Some kind of bizarre socio-politically-reinforced work-ethic leads many of us to believe that working hard at something we hate doing is somehow more meritorious and likely to be productive that enjoying doing something everyone thinks pointless and frivolous, but this is almost certainly a social prejudice that does incalculable harm because it discourages us from playing, and from appreciating the importance of play. And nothing is more important in the establishment and maintenance of a creative, fulfilling life than play.
Nothing is more important in the establishment and maintenance of a creative life than play.
Why society might endorse this prejudiced and damaging work-ethic is easy to see: it is a direct consequence of an industrialised view of human labour in which the world works on the basis of a model of social organisation in which there are only a small number of creative leaders who control and exploit a vast number of worker-drones. And that social model created an educational system to supply those drones and vigorously opposed – usually as “left-wing” or “socialist” – any attempt by professional educators to change it. But of course this industrial assumption is soon to be demolished by the advent of intelligent machines, robots and androids, and the need for a class of undereducated worker-drones will diminish gradually to nothing so that the only purpose of education will be to equip people for fulfilled lives of leisure and creativity.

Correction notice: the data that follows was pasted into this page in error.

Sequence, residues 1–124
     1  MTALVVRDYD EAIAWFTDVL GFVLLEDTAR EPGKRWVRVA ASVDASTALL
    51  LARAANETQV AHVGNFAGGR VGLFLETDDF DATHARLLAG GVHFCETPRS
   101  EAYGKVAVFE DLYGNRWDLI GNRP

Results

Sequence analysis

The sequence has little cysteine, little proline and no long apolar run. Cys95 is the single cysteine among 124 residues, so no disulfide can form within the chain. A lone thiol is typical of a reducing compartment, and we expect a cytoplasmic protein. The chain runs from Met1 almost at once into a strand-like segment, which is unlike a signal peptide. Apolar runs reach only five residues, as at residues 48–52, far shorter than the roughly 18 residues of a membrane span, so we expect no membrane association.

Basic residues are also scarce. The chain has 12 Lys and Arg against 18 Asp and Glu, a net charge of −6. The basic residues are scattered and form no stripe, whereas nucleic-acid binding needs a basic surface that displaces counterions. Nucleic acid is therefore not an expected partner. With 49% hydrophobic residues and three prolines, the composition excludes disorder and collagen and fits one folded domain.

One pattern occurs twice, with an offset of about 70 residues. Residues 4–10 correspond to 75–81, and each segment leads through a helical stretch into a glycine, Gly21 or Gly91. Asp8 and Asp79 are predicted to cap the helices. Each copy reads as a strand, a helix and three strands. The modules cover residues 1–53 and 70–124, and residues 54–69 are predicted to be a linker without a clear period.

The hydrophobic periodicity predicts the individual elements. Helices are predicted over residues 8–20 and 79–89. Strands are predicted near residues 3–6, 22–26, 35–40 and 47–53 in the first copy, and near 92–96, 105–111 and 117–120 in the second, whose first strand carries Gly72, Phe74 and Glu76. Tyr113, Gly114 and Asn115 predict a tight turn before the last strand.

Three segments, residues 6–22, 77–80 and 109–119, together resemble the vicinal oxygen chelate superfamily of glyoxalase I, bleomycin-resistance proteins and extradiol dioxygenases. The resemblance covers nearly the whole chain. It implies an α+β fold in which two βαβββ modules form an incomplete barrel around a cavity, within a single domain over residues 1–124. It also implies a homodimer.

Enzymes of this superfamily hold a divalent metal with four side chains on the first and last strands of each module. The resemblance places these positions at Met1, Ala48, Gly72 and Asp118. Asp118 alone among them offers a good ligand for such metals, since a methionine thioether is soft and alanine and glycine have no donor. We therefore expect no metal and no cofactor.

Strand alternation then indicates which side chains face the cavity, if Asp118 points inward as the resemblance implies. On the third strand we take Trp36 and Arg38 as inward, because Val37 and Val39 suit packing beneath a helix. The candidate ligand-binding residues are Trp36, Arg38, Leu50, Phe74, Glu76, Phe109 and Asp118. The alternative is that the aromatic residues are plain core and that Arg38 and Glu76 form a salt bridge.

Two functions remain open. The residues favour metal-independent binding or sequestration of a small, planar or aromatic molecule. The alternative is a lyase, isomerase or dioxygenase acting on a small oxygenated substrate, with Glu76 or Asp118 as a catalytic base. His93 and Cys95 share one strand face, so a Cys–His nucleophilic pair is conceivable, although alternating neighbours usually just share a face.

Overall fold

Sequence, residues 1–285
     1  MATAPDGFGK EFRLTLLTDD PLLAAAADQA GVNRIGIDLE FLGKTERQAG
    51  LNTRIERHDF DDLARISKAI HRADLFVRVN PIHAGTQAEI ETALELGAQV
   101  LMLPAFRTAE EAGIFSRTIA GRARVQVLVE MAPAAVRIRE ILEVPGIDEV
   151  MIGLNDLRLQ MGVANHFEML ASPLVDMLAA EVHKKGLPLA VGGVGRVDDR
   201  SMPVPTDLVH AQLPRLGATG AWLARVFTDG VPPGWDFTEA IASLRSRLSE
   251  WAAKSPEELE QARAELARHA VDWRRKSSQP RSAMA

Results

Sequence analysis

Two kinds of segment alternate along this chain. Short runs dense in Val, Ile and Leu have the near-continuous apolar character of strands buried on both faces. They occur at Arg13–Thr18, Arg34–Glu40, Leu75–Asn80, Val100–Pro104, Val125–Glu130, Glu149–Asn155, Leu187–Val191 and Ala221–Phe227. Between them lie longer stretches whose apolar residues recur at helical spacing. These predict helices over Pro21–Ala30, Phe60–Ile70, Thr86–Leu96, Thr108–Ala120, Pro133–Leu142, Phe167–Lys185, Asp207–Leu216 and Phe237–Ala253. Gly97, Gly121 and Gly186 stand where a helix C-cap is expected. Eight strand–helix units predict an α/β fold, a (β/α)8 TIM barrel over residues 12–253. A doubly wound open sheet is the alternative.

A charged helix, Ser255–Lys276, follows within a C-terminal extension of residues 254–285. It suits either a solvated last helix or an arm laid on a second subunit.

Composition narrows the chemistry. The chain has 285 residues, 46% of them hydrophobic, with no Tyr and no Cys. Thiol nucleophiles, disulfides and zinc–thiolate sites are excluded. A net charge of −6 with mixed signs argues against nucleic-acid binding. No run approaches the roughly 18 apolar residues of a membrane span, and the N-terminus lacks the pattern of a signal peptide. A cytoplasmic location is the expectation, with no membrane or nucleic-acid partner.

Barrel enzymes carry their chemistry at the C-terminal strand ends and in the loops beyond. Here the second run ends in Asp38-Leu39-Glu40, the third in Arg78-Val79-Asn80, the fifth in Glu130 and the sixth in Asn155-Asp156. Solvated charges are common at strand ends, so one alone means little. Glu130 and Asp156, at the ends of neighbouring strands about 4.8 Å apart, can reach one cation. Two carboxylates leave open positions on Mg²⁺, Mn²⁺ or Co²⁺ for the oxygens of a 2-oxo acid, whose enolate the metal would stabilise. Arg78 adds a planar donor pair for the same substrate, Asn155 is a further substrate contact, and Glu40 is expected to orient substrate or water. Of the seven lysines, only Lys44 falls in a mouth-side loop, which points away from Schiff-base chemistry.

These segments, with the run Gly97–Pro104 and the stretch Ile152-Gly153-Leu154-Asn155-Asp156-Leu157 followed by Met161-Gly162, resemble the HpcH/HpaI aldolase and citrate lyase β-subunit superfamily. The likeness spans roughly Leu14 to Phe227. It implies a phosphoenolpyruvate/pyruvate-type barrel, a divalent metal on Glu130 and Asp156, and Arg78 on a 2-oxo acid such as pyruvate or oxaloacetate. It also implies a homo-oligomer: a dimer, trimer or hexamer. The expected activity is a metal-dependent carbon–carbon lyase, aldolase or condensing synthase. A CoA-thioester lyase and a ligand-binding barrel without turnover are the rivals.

There is, however, another danger. If we were to persuade parents that a more expansive and general set of experiences plays more of a role in the accomplishments of their children than we currently allow, immediately there would be a rush towards the industrialisation and institutionalisation of variety, of play, and our obsessional drive towards doing anything and everything that might be accepted socially to contribute towards success would lead us to invent a new drudgery: the drudgery of enforced play. And that, of course, really is an oxymoron: play must be free.